Conjugated linoleic acid
Subacute rumen acidosis
Low fat diet
Glucose tolerance test
Insulin tolerance test
Pyruvate tolerance test
Saturate fatty acid
Polyunsaturated fatty acid
Monounsaturated fatty acid
Area under the curve.
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This research was funded by grants from the Ontario Ministry of Agriculture and Rural Affairs (OMAFRA) and Dairy Farmers of Ontario. AS was funded by an Ontario Graduate Scholarship and IR was funded by a graduate scholarship from the Natural Sciences and Engineering Research Council of Canada. DCW is a Tier II Canada Research Chair and Canadian Diabetes Association Scholar.
The authors declare that they have no competing interests.
AS conducted rodent feeding experiments, analyzed data, performed statistical analyses and helped to draft the manuscript. LH assisted with cow feeding and milk collection, performed rodent feeding experiments, analyzed data, performed statistical analyses and helped to draft the manuscript. OA performed feeding of cows, milk collection and fatty acid analyses. IR helped perform rodent experiments determining glucose uptake and insulin signaling. TM assisted with oral tolerance tests and helped to interpret this data. DCW, BM and DD oversaw all aspects of the experiments, helped to interpret data and drafted the manuscript. All authors read and approved the final manuscript.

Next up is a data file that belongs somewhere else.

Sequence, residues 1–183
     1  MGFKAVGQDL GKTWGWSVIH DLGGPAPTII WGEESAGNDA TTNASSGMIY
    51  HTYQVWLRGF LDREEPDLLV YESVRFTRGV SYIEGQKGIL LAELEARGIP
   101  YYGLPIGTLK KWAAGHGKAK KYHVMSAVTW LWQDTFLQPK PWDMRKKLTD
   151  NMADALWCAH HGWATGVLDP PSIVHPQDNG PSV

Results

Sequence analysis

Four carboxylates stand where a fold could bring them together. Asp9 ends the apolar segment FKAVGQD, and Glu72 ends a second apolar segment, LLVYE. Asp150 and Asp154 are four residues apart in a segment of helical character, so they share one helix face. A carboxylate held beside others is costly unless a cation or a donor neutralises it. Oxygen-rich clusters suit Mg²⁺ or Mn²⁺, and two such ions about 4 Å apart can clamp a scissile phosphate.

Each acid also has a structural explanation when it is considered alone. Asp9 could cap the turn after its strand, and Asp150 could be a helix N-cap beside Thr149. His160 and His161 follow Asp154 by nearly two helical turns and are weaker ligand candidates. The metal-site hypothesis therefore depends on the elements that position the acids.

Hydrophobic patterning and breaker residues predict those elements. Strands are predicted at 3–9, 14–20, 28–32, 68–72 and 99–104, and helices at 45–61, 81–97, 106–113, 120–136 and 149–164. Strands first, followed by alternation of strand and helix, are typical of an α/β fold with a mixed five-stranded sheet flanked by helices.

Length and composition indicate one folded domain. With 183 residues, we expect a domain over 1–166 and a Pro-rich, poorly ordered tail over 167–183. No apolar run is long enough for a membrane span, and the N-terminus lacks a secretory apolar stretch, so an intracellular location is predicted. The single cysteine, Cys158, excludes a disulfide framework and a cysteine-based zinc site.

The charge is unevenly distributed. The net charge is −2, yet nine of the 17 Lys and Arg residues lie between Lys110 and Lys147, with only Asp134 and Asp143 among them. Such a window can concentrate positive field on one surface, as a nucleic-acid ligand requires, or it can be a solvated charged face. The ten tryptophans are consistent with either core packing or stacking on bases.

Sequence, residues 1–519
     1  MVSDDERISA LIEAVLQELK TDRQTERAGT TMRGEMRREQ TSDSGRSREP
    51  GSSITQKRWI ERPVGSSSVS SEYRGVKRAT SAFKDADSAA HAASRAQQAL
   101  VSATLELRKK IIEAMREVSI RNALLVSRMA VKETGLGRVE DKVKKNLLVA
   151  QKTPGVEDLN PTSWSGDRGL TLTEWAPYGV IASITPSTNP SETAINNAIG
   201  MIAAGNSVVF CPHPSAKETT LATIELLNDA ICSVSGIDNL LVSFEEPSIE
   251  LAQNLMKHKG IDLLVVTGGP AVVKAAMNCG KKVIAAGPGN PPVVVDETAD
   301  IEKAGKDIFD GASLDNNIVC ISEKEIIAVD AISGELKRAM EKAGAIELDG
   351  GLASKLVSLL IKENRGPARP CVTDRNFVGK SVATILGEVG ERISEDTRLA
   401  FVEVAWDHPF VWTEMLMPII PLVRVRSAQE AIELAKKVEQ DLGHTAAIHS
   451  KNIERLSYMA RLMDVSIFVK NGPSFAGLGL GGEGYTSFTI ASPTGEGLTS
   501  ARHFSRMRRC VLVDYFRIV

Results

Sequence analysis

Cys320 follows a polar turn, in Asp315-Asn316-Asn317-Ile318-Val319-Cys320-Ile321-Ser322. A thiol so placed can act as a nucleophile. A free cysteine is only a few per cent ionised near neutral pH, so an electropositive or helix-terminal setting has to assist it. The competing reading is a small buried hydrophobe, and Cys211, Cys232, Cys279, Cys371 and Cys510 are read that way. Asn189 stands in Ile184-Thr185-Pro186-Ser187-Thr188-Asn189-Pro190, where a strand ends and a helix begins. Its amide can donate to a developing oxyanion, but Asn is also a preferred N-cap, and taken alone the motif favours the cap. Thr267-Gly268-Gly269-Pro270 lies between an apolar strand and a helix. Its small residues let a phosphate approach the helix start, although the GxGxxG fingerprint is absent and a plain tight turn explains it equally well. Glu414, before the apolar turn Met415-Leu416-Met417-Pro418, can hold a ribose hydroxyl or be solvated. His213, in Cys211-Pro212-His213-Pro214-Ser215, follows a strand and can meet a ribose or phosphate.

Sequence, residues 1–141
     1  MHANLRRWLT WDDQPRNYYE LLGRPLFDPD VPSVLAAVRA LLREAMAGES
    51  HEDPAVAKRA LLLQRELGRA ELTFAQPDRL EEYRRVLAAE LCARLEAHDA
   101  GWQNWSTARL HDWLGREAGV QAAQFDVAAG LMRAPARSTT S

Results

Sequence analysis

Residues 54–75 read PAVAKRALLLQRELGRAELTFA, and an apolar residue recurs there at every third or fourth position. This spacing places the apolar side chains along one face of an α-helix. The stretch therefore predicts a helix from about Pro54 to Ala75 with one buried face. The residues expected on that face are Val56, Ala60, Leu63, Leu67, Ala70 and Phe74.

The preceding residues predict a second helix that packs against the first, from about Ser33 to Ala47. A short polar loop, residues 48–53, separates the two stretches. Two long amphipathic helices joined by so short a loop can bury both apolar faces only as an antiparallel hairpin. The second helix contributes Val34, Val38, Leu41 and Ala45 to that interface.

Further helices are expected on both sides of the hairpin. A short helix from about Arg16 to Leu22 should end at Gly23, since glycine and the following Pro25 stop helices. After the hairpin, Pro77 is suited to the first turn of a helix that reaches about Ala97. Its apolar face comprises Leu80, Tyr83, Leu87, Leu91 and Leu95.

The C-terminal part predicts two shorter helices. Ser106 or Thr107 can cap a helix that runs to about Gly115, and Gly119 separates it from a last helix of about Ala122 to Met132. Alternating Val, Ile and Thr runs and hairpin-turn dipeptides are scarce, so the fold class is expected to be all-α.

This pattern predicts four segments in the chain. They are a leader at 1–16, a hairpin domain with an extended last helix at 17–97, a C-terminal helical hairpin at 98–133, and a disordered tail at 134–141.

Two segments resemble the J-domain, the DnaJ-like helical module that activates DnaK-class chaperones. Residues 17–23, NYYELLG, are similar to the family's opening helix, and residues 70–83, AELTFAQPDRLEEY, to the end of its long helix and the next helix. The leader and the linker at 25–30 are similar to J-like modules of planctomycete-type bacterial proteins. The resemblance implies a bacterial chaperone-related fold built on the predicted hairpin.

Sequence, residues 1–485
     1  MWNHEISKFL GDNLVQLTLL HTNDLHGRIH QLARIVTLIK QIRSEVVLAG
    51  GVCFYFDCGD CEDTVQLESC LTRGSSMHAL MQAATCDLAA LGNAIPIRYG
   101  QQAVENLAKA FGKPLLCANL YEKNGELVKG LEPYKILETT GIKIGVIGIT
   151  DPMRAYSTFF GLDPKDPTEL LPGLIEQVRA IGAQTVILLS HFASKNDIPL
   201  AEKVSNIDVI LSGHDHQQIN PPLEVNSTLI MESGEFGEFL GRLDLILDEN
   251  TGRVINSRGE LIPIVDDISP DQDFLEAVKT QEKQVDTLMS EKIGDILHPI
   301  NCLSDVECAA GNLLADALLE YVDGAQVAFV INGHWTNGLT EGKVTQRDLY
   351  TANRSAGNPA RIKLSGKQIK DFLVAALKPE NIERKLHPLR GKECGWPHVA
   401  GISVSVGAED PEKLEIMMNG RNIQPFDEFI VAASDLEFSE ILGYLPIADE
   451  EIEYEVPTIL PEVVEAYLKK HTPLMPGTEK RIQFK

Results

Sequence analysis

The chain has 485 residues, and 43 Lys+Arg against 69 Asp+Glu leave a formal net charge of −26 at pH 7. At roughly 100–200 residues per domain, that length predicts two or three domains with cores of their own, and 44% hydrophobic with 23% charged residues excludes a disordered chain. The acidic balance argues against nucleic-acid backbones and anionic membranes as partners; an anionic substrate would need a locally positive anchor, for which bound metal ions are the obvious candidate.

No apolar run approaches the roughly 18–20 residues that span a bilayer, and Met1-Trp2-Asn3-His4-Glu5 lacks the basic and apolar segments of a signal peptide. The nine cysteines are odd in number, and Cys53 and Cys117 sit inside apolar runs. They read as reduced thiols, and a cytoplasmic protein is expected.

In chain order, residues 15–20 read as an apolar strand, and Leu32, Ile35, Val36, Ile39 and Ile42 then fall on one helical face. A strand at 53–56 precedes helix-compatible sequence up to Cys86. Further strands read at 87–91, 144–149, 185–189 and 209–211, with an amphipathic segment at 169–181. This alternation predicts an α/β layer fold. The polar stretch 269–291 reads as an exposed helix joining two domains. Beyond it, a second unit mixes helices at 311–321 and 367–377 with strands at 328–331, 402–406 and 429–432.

Amanda Stefanson, Loren E Hopkins contributed equally to this work.